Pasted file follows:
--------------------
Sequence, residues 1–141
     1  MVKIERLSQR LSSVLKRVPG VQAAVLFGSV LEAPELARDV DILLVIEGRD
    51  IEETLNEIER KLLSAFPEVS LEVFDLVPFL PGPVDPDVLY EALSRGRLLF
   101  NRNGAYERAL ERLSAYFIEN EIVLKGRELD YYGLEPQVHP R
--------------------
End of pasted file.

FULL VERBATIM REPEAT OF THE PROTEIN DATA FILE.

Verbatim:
Sequence, residues 1–141
     1  MVKIERLSQR LSSVLKRVPG VQAAVLFGSV LEAPELARDV DILLVIEGRD
    51  IEETLNEIER KLLSAFPEVS LEVFDLVPFL PGPVDPDVLY EALSRGRLLF
   101  NRNGAYERAL ERLSAYFIEN EIVLKGRELD YYGLEPQVHP R